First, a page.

In this class we did drypoint on acetate/plexi plates. Using a sharp needle and/or other tools you scratch an image into the plate. The plate above is the one I did in the first lesson after we practiced with some different applications and tools

The plate then is getting inked up and then the ink is wiped off again – the ink remains in the creases of your etching and that is where the magic happens.

Here is Bruno putting a sample onto the printing press at the JCAS.

and here is his amazing sample coming out of the press!

Above is the very first print I did with that plate.

For the second one I applied a bit of color to the jumper.

In the second lesson, Bruno showed us how to make multicolor prints with the technique called a la poupee.

And below is his sample

I started with a new plate which I had prepared at home- see I just couldn’t stop scratching at home- LOL

And here is the second one with the powerhouse – some of you might recognize this building :)

The third print came out the way I envisioned – I really love it. As Bruno says it is all in the wiping. Making the plates is actually not the work load, it is inking those plates up and then wiping them down again that makes up most of the technique and time.

The print above was an experiment. I did some mono prints at home with Akua Inks which I always wanted to try out on a gel plate and I used this interesting paper which I had gotten at a convention many years ago. It is made out of plastic but feels like cloth. I printed on top of the mono print and I really like the outcome.

Here is a another plate I made in different stages – a part of the factory building I live in.

Isn’t it cool how different the images look and the mood they convey based on the inking? So cool to experiment with that.

Here are a couple prints from the students in the class.

I don’t want to bore you , but here are a couple more- the Flatiron Building – as you know it is a reoccurring image in my work, so of course I had to make a plate with it as well.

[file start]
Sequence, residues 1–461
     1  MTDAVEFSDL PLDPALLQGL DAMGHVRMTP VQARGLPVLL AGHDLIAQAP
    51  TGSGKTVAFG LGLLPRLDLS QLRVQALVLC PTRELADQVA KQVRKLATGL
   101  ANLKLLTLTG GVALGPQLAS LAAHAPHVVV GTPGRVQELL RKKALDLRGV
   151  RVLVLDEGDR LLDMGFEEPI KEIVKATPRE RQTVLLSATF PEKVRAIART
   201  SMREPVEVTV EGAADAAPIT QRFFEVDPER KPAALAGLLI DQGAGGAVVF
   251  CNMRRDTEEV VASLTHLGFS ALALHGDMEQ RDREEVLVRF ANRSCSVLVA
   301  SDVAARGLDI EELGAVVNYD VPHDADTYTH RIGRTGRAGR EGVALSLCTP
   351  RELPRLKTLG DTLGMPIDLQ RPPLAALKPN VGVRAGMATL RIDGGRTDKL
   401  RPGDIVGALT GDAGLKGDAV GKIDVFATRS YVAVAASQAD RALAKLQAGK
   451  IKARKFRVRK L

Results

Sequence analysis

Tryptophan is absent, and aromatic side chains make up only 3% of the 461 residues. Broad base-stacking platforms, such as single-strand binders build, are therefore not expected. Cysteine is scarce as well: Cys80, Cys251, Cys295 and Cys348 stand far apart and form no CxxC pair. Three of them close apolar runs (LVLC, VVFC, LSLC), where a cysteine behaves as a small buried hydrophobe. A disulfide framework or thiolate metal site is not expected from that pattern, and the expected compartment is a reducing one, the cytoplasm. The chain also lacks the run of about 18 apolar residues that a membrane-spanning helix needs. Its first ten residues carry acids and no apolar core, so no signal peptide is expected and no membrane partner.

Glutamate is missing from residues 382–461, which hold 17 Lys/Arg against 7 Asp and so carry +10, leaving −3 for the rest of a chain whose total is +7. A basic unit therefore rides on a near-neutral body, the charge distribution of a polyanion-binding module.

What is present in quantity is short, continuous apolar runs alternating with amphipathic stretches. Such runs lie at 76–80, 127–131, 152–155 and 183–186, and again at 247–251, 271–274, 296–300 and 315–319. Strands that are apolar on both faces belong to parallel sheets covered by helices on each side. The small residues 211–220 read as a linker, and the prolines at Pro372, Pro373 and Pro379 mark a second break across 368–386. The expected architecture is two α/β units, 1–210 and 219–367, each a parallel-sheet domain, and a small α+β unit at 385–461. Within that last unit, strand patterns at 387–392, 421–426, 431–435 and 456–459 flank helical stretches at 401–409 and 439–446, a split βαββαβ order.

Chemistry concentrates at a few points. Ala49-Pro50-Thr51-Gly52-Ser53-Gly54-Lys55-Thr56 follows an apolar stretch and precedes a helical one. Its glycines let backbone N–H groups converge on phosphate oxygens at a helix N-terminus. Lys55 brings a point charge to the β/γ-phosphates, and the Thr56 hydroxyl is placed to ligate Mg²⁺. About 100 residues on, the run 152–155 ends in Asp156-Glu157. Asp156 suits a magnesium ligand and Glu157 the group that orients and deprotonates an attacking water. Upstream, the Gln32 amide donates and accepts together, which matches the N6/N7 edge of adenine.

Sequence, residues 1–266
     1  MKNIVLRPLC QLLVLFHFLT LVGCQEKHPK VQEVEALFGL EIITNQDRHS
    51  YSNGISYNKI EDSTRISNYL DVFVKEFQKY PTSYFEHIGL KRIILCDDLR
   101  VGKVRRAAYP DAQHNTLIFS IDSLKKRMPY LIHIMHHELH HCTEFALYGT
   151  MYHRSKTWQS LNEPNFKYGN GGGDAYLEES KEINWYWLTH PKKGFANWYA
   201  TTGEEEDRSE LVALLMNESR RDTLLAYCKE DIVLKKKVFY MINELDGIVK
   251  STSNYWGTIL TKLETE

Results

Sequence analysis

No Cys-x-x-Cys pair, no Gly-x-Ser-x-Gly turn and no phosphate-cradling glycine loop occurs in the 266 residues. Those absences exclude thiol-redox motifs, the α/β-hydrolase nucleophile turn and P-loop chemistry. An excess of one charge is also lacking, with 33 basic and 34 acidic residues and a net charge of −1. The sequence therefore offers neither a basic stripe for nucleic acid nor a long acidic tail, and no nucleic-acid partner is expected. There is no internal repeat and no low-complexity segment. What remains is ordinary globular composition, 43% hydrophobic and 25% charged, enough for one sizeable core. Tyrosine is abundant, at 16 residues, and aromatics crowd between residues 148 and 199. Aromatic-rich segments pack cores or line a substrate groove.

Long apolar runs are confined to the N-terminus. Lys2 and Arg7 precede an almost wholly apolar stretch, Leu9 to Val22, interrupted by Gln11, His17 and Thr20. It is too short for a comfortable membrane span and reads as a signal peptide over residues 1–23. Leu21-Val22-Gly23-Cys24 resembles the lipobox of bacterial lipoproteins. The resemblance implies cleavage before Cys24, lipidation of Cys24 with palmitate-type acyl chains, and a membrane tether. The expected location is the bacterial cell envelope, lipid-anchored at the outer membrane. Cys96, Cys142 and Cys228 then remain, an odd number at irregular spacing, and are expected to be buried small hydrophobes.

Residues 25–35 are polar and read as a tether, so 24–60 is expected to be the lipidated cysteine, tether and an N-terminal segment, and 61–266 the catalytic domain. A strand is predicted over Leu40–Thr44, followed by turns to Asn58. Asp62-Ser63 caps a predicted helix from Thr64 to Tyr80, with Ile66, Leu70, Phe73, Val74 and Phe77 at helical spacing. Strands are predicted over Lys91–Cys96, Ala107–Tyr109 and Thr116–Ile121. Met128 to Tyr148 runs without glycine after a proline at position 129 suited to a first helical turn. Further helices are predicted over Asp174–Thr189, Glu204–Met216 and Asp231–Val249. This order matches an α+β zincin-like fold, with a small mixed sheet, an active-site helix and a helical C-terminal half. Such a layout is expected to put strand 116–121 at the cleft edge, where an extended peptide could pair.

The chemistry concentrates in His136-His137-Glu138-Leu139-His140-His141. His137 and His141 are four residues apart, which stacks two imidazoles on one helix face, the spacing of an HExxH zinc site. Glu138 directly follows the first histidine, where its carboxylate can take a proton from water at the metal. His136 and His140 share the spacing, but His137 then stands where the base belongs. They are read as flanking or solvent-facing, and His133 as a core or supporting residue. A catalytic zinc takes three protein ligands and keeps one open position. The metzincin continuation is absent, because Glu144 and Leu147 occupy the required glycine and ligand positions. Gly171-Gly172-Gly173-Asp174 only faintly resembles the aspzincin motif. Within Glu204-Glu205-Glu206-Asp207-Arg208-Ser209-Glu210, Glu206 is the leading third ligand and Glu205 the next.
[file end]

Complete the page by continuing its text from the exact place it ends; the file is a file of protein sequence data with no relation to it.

And then some prints from the last lesson where we did some two plate printing. Basically you create a mono type and then print on top of it – there are different ways to approach this of course.

First one above as you can see I didn’t wipe that well – but I still love how the colors came out

Here I had way too much ink on the first plate so I didn’t print the second plate on top, but I actually love it as it is. I kept it and might do something else to it later – I will see.

Here is the second try – less ink now- basically the ghost print of plate one and now with the second plate printed on top.

Another one – I like that one a lot.

And last but not least one where I used once again one of those mono prints I did at home – the cloth-like paper had the ink of the skyline bleed a bit – I love this.

What I learned in this class:

  • It was first a bit hard for me to think I would not be able to do this all the time at home without a printing press but then that made me more focused and prepared for the lessons
  • The application of the ink and the wiping was a technique and whole process on it’s own and what a fascinating one it is
  • I loved the different ways one plate could be treated for different prints
  • I love the little time span where you just don’t know what is coming out of your press – when you lift up your print and see what happened. It reminded me of going to the photolab to finally get the vacation photos and seeing them for the first time.
  • There are art forms you just cannot get away with not being clean and organized …clean your space, clean your hands, clean the plates, clean the press …so much cleaning. LOL
  • I loved combining mono types with this class
  • There is only a certain amount of prints you can use the plates, and then that is it forever

What I take away for the future:

  • JCAS has print parties where you can use the printing press for a small fee- I def. will make up some new plates and join in the future to make some more prints
  • A way to take some of the mono prints on the gelli plate further – I want to explore this more
  • I enjoyed taking a class even though it was sometimes tough to go for 3 hours after a whole day of work- I need to do this more often again
  • I loved the pace of the class, I think I sometimes pack too much in my own classes and forget that it is also great for the students to just explore what they learned for a bit. Of course that is easier to do when you have a class that spans over several weeks but I def. look for a way to think about this in my multi-day-classes.


If you are in the area, I highly recommend taking a class with Bruno Nadalin or a class at the Jersey City Art School– it is a great place and they offer a lot of fun and different workshops and art events.